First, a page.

Saturday, November 17, 2012

A Letter

Dear Other Parents in the Windsor Public Library yesterday,

I know how I probably came across. I came off like some sort of tired out, worn down mom who was constantly nagging her son and who didn't seem consistent in her discipline. And you know what? You'd be right.

To the gramma watching her granddaughter play with puppets at the "puppet theater"...thanks for being kind enough to offer for Ethan to play along with her when you saw he really wanted to do a puppet show, too. I wanted to reject the offer but you were too kind. I wanted to reject the offer because I knew what it would turn into -- Ethan's shark puppet wanting to bite and attack your granddaughter's ballerina and firefighter. I knew this because that is the one puppet show game Ethan wants to play right now. We get in an ongoing battle about the show NOT being about abusing the puppets or even the people watching, but so far that message has not sunk in. I wanted to explain things but didn't have the energy to explain things, like that my son is just starting to want to play with puppets in general and has trouble generating ideas. He couldn't just jump into your granddaughter's play scenario, so he decided to go into attack mode again. He's not just a brat, I swear. Although yesterday he was acting pretty darned bratty.

To the people around the Lego table: I'm sorry about the noise. I have told Ethan time and again he cannot play Angry Birds with the Legos, although this is his favorite game. In case you hadn't figured out, Angry Birds means making sound effects from the game and then bringing his hands over to the huge piles of Legos strewn all over the table and then smashing them. I always encourage Ethan at the Lego table because sometimes lately he has started to build and play. But the darned Legos don't stick very well to the old worn down table, and for someone who is trying to build up his hand strength and fine motor skills, it's very frustrating for him. Hence, we get Angry Birds.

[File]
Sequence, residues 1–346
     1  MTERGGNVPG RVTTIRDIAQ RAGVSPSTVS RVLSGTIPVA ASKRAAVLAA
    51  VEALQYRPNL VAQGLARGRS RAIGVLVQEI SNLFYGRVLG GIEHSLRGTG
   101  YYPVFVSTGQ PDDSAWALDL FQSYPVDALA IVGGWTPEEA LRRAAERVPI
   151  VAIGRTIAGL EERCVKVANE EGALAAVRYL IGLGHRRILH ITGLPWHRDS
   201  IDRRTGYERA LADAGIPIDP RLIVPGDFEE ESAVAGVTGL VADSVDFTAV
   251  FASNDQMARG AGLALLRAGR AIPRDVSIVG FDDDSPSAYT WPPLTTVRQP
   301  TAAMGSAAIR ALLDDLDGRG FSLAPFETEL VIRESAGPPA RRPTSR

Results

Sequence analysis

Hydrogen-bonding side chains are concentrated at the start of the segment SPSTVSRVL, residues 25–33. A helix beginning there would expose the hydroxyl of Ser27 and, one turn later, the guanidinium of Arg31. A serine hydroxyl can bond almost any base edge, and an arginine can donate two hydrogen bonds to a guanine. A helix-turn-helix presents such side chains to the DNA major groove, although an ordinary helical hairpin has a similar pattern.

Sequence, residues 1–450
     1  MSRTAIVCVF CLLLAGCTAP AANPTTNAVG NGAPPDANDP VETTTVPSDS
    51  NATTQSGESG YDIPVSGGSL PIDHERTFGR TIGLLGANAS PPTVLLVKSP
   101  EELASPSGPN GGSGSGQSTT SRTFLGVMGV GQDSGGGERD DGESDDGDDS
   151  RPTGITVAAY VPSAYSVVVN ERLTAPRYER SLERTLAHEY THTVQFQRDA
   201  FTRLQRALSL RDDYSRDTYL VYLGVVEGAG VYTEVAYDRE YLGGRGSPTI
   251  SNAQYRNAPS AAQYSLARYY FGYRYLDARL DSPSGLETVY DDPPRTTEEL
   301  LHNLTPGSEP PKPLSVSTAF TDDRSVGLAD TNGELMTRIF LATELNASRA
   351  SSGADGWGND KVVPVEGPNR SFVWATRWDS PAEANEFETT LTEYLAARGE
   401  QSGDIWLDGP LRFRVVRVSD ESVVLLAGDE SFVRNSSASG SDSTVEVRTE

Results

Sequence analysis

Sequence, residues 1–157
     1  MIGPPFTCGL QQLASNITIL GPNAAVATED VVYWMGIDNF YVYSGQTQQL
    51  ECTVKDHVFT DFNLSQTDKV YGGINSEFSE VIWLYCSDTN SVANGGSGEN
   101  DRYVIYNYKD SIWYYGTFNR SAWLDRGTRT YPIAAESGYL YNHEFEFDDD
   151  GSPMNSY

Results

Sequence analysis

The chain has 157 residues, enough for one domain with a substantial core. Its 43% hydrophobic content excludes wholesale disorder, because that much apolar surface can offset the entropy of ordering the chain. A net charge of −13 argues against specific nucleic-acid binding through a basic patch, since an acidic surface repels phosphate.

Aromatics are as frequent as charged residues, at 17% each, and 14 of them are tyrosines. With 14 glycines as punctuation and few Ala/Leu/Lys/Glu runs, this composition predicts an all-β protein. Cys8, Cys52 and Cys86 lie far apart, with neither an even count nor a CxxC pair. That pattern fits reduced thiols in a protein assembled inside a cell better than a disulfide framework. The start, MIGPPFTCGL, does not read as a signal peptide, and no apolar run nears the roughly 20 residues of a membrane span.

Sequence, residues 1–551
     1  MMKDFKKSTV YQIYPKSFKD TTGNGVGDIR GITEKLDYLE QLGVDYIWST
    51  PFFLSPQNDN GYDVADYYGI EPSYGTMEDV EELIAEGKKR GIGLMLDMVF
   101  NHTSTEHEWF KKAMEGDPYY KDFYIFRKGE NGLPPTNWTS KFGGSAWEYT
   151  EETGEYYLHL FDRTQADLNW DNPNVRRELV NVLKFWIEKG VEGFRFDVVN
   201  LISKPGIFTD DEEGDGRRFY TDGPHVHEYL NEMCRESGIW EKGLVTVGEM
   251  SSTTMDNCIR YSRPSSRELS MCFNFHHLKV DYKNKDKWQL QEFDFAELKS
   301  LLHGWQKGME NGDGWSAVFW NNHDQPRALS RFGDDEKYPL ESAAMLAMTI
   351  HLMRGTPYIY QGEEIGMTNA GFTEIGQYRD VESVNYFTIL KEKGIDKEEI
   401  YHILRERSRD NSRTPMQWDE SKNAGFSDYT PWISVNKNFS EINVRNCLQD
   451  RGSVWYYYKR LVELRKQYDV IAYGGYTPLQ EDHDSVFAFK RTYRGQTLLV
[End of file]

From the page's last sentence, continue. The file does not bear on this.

And to the mom who probably didn't appreciate my son getting other kids to roll around the dirty floor, I'm sorry. Here's what you have to know: two years ago, even a year or less ago, my son didn't want to engage any other kids at the library. He wanted to run around the book stacks, try to flip the light switches, and check out the vents in the floor. Most parents would stop their kids fairly quickly if they decided to roll across the library floor, and I did try. Only, he was rolling TO other kids. He wanted to go to them and wanted them to watch him. He wanted to play with them in the log tunnel but didn't know quite how, so he was loud and slightly annoying, yelling, "I see you!" while peeking in the log over and over. And then he actually got the other kids to roll with him, and they were laughing together, and I couldn't help but be simultaneously frustrated but also proud that he was reaching out.

I know I might not have looked like I knew what I was doing. And sometimes I don't. Sometimes things that would seem unacceptable I bypass for the greater meaning in the moment. Other times I know I can't let it go on because it would set a precedent. Finding that fine line is hard at times. Especially when my son hadn't listened to me for most of the afternoon, and the usual consequences weren't getting either of us anywhere.

So please know: Just as you are hopefully trying to be the best parent you can be, I am trying. My son is trying. Sometimes "trying" looks obnoxious. Sometimes he really is being obnoxious. If I have the time, maybe sometime I'll share a little bit of my son's background. But I can't have the conversation with every parent I see. So please, try to extend grace. And I will try to do the same.

1 comment:

Annie said...

A little grace would go a long way, wouldn't it?